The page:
• Search Google Scholar
    • Export Citation
  • Grady, K. A., L. Chen, and T. W. Ford, 2021: Projected changes to spring and summer precipitation in the midwestern United States. Front. Water, 3, 780333, https://doi.org/10.3389/frwa.2021.780333.

    • Search Google Scholar
    • Export Citation
  • Hartigan, J. A., and M. A. Wong, 1979: Algorithm AS136: A K-means clustering algorithm. Appl. Stat., 28, 100108, https://doi.org/10.2307/2346830.

    • Search Google Scholar
    • Export Citation
  • Hernandez, M., and L. Chen, 2022: Future land precipitation changes over the North American monsoon region using CMIP5 and CMIP6 simulations. J. Geophys. Res. Atmos., 127, e2021JD035911, https://doi.org/10.1029/2021JD035911.

    • Search Google Scholar
    • Export Citation
  • Hersbach, H., and Coauthors, 2020: The ERA5 global reanalysis. Quart. J. Roy. Meteor. Soc., 146, 19992049, https://doi.org/10.1002/qj.3803.

    • Search Google Scholar
    • Export Citation
  • Hoerling, M., J. Eischeid, A. Kumar, R. Leung, A. Mariotti, K. Mo, S. Schubert, and R. Seager, 2014: Causes and predictability of the 2012 Great Plains drought. Bull. Amer. Meteor. Soc., 95, 269282, https://doi.org/10.1175/BAMS-D-13-00055.1.

    • Search Google Scholar
    • Export Citation
  • Jézéquel, A., P. Yiou, and S. Radanovics, 2018: Role of circulation in European heatwaves using flow analogues. Climate Dyn., 50, 11451159, https://doi.org/10.1007/s00382-017-3667-0.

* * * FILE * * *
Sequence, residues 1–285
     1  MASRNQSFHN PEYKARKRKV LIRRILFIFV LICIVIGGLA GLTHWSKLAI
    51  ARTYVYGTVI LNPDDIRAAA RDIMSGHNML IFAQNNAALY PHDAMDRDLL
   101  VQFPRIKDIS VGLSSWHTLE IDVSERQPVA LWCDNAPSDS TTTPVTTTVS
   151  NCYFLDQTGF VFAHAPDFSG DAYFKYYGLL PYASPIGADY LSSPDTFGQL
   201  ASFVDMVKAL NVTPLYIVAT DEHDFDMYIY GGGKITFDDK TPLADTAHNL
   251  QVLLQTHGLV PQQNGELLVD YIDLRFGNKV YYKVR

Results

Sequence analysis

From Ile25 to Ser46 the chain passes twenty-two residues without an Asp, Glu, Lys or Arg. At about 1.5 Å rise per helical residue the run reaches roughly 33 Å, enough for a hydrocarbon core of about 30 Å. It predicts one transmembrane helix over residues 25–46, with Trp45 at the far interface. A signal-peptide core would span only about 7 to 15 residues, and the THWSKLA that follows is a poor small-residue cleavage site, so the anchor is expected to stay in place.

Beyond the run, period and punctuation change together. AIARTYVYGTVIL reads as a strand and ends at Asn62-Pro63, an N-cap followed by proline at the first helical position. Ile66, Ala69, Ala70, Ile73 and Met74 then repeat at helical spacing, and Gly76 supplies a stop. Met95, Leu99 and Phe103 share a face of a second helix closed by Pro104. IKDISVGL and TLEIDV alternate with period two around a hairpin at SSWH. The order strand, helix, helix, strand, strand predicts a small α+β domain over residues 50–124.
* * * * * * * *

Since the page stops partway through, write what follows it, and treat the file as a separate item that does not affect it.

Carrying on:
• Search Google Scholar
    • Export Citation
  • Kay, J. E., and Coauthors, 2015: The Community Earth System Model (CESM) large ensemble project: A community resource for studying climate change in the presence of internal climate variability. Bull. Amer. Meteor. Soc., 96, 13331349, https://doi.org/10.1175/BAMS-D-13-00255.1.

    • Search Google Scholar
    • Export Citation
  • Kleinman, P. J. A., M. S. Srinivasan, C. J. Dell, J. P. Schmidt, A. N. Sharpley, and R. B. Bryant, 2006: Role of rainfall intensity and hydrology in nutrient transport via surface runoff. J. Environ. Qual., 35, 12481259, https://doi.org/10.2134/jeq2006.0015.

    • Search Google Scholar
    • Export Citation
  • Kunkel, K. E., T. R. Karl, M. F. Squires, X. Yin, S. T. Stegall, and D. R. Easterling, 2020: Precipitation extremes: Trends and relationships with average precipitation and precipitable water in the contiguous United States. J. Appl. Meteor. Climatol., 59, 125142, https://doi.org/10.1175/JAMC-D-19-0185.1.

    • Search Google Scholar
    • Export Citation
  • Li, M., Q. Sun, M. A. Lovino, S. Ali, M. Islam, T. Li, C. Li, and Z. Jiang, 2022: Non-uniform changes in different daily precipitation events in the contiguous United States. Wea. Climate Extremes, 35, 100417, https://doi.org/10.1016/j.wace.2022.100417.

    • Search Google Scholar
    • Export Citation
  • Li, Y., K. Guan, G. D. Schnitkey, E. DeLucia, and B. Peng, 2019: Excessive rainfall leads to maize yield loss of a comparable magnitude to extreme drought in the United States. Global Change Biol., 25, 23252337, https://doi.org/10.1111/gcb.14628.

    • Search Google Scholar
    • Export Citation
  • Loecke, T. D., A. J. Burgin, D. A. Riveros-Iregui, A. S. Ward, S. A. Thomas, C. A. Davis, and M. A. St. Clair, 2017: Weather whiplash in agricultural regions drives deterioration of water quality. Biogeochemistry, 133, 715, https://doi.org/10.1007/s10533-017-0315-z.

    • Search Google Scholar
    • Export Citation
  • Lutsko, N. J., J. W. Baldwin, and T. W. Cronin, 2019: The impact of large-scale orography on Northern Hemisphere winter synoptic temperature variability. J. Climate, 32, 57995814, https://doi.org/10.1175/JCLI-D-19-0129.1.

    • Search Google Scholar